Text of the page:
• Alison Hodge
    88
    There is plenty of discussion in the media (unsurprisingly at present) about young people becoming involved in sports activities, including the ways to spot and support talent, and aid progression to higher levels of achievement:

    - limited training facilities - long distances to travel (including international) and limited capacity
    - shortage of trainers and coaches
    - costs of coaching / training
    - costs of special equipment / clothing, especially while children are still growing
    - pressure of school work / teachers
    - major career decisions at a very young age
    - disproportionate emphasis on "popular" sports, rather than minority sports
    - some sponsorships - but there are funding gaps
    - conflicts with family life, parents' jobs, siblings with different interests
    - time commitment for those directly involved but also parents and families
    .....etc
    Costs are being emphasised in the discussions - there were estimates quoted of the costs amounting to many £thousands and even £10s thousands!

    So, how does this compare with ringing? Has anyone estimated costs of training young ringers to the level of those in the National Youth Competition a few weeks ago, for example?
  • John Harrison
    92
    How are you defining costs? In the context of cost being a barrier to progression in sport I think it would be interpreted as cost to the individual or family, for example buying equipment. in ringing there are hardly any such costs. The most notable would be the cost of transport to events, but while I am sure lack of transport limits some ringers I suspect it's not the monetary cost so much as th time cost.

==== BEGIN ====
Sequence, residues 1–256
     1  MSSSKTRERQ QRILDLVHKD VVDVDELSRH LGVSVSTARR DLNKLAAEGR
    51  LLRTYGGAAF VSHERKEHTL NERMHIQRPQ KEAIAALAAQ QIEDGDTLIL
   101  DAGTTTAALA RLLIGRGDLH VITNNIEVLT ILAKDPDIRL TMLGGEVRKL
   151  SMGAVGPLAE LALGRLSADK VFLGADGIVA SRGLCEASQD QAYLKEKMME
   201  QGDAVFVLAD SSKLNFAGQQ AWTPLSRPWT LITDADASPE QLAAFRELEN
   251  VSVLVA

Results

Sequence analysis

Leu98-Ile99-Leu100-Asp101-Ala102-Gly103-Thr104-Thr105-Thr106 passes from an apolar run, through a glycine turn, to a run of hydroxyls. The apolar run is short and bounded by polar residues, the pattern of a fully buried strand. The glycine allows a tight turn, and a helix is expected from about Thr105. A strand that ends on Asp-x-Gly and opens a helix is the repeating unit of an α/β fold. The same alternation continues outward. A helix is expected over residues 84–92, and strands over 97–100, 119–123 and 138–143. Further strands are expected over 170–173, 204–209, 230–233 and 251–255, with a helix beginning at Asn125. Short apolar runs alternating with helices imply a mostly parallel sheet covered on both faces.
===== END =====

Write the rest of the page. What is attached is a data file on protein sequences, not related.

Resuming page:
The tuition costs, which would be born by the family of a child learning a sport are invisible in ringing because they are invariably born by the teacher and supporters as opportunity costs, which get overlooked when counting cash that changes hands.
    In short, I think it would require great care to do a meaningful financial comparison between ringing and sport. You would need to take in many other factors and try to find valid equivalences.
    And sadly, any valid lessons to emerge from such an analysis would probably fall on deaf ears because 'ringing is different' and 'ringing isn't like sport', and unlike in the real world, ringers don't like to talk about money and ringing in thee same sentence.
  • Tristan Lockheart
    18


    Bellringing is traditionally run on a shoestring. Pretty much everything we need to pay for, bar major repairs, is covered by tower donations from visiting groups, practice donations, wedding fees and the church (incidentally, perhaps the "going-rate" for all sorts of donations needs reviewing - materials for repairs are much dearer, but I doubt fees and donations have increased in the interim). Perhaps we ought to check our reliance on the church to subsidise the exercise - it's £170 for a peal at one private tower currently!

    As @John Harrison mentioned, time cost is the big cost, and is often overlooked. From my perspective as a learner, I really need two practice nights a week, and general practices tended to be a bit of a waste when it was one go at rounds, then sitting on the side for the remaining 1hr20. Even in London, finding a tower where I can actually progress means travelling quite far - a good practice could get me travelling on three buses to my destination, costing me money for the fares and time (I can easily spend 2-4 hours just on travelling to a practice). I could go to the tower at the end of my road, except it is silent now. This is a barrier to progression - young people in particular are reliant on public transport or lifts from others, which means any sort of distance incurs time and monetary cost penalties. People have other things going on in their lives, and taking out an entire evening multiple times a week is not going to happen.